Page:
From: The Information Philosopher

http://www.informationphilosopher.com/solutions/scientists/neumann/

John von Neumann

(1903-1957)

In his 1932 Mathematical Foundations of Quantum Mechanics (in German, English edition 1955) John von Neumann explained that two fundamentally different processes are going on in quantum mechanics (in a temporal sequence for a given particle - not at the same time).

Process 1. A non-causal process, in which the measured electron winds up randomly in one of the possible physical states (eigenstates) of the measuring apparatus plus electron.

The probability for each eigenstate is given by the square of the coefficients cn of the expansion of the original system state (wave function ψ) in an infinite set of wave functions φ that represent the eigenfunctions of the measuring apparatus plus electron.

cn = < φn | ψ >

This is as close as we get to a description of the motion of the particle aspect of a quantum system. According to von Neumann, the particle simply shows up somewhere as a result of a measurement.

Process 2. A causal process, in which the electron wave function ψ evolves deterministically according to Erwin Schrödinger's equation of motion for the wavelike aspect. This evolution describes the motion of the probability amplitude wave ψ between measurements. The wave function exhibits interference effects. But interference is destroyed if the particle has a definite position or momentum. The particle path itself cannot be observed.

(ih/2π) ∂ψ/∂t = Hψ

Von Neumann claimed there is another major difference between these two processes. Process 1 is thermodynamically irreversible. Process 2 is reversible. This confirms the fundamental connection between quantum mechanics and thermodynamics that is explainable by information physics and the information interpretation of quantum mechanics.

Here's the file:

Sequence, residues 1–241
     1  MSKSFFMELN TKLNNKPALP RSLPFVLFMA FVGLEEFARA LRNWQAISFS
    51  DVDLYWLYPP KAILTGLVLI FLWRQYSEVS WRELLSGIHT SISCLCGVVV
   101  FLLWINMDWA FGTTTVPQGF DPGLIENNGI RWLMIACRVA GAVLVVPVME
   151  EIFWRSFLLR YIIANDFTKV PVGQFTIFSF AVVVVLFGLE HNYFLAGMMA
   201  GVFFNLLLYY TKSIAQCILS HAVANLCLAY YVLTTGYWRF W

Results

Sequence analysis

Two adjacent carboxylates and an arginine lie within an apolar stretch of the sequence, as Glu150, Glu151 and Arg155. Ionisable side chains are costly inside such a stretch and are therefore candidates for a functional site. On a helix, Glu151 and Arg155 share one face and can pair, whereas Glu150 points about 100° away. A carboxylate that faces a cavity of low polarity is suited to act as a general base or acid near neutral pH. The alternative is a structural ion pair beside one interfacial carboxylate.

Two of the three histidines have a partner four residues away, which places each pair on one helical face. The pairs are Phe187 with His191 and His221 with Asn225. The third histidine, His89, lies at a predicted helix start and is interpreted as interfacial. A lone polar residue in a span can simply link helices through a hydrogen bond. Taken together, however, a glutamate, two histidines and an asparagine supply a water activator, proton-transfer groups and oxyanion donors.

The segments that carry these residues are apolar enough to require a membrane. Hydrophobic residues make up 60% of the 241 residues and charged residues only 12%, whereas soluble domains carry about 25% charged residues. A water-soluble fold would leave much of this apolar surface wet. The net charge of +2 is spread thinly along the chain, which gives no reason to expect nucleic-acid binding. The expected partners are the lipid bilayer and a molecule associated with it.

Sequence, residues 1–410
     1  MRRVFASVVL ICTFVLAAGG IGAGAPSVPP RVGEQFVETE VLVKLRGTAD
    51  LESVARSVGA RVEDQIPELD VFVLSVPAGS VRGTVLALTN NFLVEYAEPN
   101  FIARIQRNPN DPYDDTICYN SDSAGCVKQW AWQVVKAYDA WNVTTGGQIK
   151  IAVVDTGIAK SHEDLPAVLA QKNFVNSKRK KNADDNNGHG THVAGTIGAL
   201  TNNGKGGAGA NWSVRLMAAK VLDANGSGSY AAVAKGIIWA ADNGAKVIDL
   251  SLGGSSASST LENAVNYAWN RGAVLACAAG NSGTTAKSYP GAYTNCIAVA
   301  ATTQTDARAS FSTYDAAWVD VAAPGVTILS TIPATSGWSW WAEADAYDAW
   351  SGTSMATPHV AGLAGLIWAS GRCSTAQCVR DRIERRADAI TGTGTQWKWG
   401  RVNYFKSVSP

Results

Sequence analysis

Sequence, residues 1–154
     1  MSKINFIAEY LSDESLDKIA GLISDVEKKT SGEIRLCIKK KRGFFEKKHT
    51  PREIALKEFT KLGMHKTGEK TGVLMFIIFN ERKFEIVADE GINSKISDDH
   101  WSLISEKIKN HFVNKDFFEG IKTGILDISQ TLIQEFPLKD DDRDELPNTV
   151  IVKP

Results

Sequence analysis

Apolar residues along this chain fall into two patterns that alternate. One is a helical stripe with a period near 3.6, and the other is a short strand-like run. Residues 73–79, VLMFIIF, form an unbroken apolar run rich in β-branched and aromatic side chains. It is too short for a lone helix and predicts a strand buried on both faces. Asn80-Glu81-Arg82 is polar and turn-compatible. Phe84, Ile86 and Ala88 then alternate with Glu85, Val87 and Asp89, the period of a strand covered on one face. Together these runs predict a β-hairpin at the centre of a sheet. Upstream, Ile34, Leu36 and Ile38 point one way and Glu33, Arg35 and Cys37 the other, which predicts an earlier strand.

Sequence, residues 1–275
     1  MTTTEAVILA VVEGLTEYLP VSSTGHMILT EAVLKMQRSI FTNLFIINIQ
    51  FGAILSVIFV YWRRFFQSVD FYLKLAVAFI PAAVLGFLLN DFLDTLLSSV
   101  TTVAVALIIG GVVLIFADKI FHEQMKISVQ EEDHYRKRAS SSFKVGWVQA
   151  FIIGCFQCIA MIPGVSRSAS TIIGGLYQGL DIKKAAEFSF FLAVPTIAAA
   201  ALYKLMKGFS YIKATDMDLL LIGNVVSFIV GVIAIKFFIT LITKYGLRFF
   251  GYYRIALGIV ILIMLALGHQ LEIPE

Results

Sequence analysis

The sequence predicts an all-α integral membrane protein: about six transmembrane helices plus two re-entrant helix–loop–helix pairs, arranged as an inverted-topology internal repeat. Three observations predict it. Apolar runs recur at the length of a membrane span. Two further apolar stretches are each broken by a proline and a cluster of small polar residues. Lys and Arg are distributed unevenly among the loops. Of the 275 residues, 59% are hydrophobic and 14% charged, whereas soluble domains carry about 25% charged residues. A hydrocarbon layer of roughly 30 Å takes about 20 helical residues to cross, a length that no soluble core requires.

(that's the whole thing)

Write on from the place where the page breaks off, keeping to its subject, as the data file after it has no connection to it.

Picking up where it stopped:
Process 2 is deterministic and information preserving or conserving.

The first of these processes has come to be called the collapse of the wave function.

Examined from the point of view of Unified Absolute Relativity, it makes better sense to reverse the two:

The receiving atom, if now rendered out of equilibrium with its environment, that is with surrounding atoms, becomes an emitting or originating atom, emitting a wavefunction equivalent to the extra energy it had received. So a wavefunction from an originating atom (Process 2) transfers energy to a receiving atom (Process 1) which sets up a wavefunction in the received atom (Process 2) which has become an originating atom.

So Unified Absolute Relativity solves the measurement problem by amalgamating the two factors of the Neuman Process.

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